I was employed as a researcher in Nov 1997, became docent in 2005 and professor 2014. I was formerly researcher at National Institute for Working Life (NIWL). During the first 10 years at SU, my focus was contaminants in work and indoor environments. We developed air-sampling techniques for isocyanates and organophosphate flame-retardants and plasticizers, and fast bioanalytical techniques, such as MIPs and membrane extraction techniques for the latter and their metabolites. A miniaturized denuder technique for personal exposure measurement was developed able to separate isocyanate vapor and aerosols. We also developed quantitative methods for airborne contaminants utilizing solid-phase microextraction (SPME).
My present research focus is analytical dermatochemistry, which involves skin allergens, their occurrence in commercial products and the environment, structure-activity relationships, and mechanisms behind hapten formation in the skin.
So far, eight Ph D students have been graduated under my supervision. Currently, my group consists of three Ph D students and a post doc.
Contact allergens: analytical methodology, exposure and study of hapten formation
This is a collaborative project involving colleagues at University of Gothenburg (GU), Prof Ann-Therese Karlberg, Doc Anna Börje and Dr Lina Hagvall. We have together identified a number of skin sensitizers, such as fragrance terpene hydroperoxides and epoxides in essential oils and ethyl isothiocyanate in neoprene rubber. A standard method has been developed for detection of strongly allergenic oxidized resin acids from colophonium in cosmetics and commercial products. A former Ph D student in my group (Sara Axelsson, now graduated) developed analytical methods for airborne oxidized resin acids in the wood pellets industry. Those compounds are known to cause both skin and airway problems among the workers.
Fragrance terpene hydroperoxides are among the most potent and common skin allergens and are formed when essential oils are handled and thus exposed to air. We have put lot of effort into the development of sensitive and quantitative methods for those compounds, and finally there is now a toolbox of methods at hand (Ph D student Ahmed Ramzy).
In order to start understanding the hapten formation between terpene hydroperoxides and skin proteins, we have studied some of them at their reactions with amino acids and model peptides. Specific adducts with amino acids moieties in the presence of an iron heme-like radical initiator were identified, which offer an explanation for the specificity of the immune response to structurally different hydroperoxides in animal experiments. In conclusion, we propose that immunogenic complexes of terpene hydroperoxides with skin proteins may be formed via a specific radical mechanism. We also found that the hydroperoxides only reacted in presence of radical initiator, suggesting that they may enter into the skin and remain inert until activated. This behavior may explain their strong sensitizing potencies.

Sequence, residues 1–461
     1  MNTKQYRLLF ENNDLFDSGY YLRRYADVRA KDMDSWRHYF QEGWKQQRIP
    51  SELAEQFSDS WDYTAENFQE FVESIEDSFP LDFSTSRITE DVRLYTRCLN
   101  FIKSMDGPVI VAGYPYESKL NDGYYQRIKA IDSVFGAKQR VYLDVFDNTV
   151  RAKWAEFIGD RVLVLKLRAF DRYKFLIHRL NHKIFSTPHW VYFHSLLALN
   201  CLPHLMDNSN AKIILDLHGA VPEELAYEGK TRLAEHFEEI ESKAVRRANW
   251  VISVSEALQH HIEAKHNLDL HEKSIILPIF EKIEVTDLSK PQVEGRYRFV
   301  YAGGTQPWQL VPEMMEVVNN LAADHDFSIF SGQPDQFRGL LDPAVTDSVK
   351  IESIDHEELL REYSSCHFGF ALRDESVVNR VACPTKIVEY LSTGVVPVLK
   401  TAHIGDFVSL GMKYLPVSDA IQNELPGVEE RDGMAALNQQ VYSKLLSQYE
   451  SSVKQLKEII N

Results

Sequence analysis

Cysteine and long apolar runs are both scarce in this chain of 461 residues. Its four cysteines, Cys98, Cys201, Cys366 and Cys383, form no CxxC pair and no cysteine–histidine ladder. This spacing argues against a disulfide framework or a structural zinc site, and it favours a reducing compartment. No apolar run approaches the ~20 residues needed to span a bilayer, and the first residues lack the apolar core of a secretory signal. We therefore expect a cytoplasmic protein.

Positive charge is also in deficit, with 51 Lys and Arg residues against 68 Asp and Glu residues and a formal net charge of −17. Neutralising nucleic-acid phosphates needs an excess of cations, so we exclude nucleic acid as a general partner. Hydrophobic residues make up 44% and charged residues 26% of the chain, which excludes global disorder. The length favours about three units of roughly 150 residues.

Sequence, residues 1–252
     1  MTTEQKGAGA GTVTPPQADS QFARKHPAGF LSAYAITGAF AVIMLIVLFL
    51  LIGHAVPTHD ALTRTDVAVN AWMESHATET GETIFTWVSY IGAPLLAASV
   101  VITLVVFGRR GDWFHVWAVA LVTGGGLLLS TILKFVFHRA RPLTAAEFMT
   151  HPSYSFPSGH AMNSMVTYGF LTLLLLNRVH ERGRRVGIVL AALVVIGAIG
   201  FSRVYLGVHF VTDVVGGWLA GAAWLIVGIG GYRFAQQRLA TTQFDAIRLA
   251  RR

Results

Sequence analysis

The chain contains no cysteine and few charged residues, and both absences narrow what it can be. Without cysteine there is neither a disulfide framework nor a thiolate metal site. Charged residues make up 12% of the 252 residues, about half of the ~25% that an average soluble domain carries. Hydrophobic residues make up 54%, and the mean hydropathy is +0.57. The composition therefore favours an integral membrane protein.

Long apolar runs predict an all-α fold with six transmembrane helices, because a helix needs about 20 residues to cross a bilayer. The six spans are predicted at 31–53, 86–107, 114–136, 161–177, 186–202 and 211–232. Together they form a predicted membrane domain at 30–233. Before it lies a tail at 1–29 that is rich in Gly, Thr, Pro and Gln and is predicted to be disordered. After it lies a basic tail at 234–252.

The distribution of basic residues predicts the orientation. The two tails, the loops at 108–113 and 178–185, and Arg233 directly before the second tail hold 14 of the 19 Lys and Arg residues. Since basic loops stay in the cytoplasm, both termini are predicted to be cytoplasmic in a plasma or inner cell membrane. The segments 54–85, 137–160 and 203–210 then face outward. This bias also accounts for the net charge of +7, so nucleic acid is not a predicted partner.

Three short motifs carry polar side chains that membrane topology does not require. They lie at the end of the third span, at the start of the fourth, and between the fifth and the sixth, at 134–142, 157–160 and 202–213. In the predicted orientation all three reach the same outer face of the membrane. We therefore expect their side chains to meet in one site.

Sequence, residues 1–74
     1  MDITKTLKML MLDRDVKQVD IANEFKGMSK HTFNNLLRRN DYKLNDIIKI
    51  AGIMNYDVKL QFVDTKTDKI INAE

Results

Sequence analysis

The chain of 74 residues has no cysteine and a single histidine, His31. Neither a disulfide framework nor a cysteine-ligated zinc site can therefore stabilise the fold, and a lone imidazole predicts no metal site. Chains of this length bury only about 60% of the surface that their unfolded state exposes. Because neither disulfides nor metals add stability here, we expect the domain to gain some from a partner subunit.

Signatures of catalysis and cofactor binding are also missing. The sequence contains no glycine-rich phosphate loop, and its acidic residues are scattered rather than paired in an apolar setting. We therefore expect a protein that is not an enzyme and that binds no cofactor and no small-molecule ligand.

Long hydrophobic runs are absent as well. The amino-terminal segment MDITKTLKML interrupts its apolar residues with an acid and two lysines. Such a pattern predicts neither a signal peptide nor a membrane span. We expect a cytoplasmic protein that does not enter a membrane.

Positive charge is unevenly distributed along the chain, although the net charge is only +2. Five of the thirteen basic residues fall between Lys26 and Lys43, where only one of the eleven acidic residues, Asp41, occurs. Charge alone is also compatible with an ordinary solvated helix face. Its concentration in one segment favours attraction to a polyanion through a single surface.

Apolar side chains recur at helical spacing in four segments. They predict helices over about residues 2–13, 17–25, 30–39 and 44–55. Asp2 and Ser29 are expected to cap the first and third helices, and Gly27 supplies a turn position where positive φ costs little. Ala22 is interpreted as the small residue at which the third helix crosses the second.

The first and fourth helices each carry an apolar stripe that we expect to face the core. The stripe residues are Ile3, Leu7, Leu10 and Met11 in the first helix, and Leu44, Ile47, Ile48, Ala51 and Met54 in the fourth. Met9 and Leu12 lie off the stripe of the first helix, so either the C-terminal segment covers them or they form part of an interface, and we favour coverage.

Currently, we are studying the structure-reactivity-activity relationships for isothiocyanates, through their reactions with amino acids and peptides (Dr Isabella Karlsson). The activity (sensitizing potency) is reflected by LLNA and clinical patch test data.
Identification and quantification of a priori unknown protein adducts
This project is a joint collaboration with Doc Leopold Ilag and Prof Margareta Törnqvist. Measurement of protein adducts caused by exposure to reactive chemicals, such as electrophiles and many carcinogens, can be an important tool to assess health risks. Identification and quantification of a priori unknown protein adducts require highly sophisticated mass spectrometric methods. We are investigating novel scan techniques, sample preparation methods as well as tags for improved ionization efficiency (Ph D student Javier Zurita). The developed methods may be useful also for identifying the proteins involved in hapten formation at contact allergy.
Other research projects
In another project, led by Prof Caroline Leck, MISU, Arctic aerosols, fog and water are analyzed for surface active extracellular polysaccharides from marine microorganisms. Our contribution is to develop the highly sensitive and selective mass spectrometry methods needed for detection of the very low levels of biomolecules. One hypothesis is that sugars are transported into the atmosphere from the seawater surface microlayer and thereby contribute to the production of cloud condensation nuclei. We have now detected exopolysaccharides in seawater, pack ice and aerosols. Hopefully, this will provide more understanding of the Arctic aerosol-cloud system (Ph D student Farshid Mashayekhy Rad).
Analytical method development for organic contact (skin) allergens